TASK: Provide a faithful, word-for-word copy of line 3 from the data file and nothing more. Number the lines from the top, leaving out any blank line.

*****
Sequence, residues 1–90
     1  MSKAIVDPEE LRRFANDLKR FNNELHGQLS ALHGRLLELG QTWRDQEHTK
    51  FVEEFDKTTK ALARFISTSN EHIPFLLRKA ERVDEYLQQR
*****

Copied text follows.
    51  FVEEFDKTTK ALARFISTSN EHIPFLLRKA ERVDEYLQQR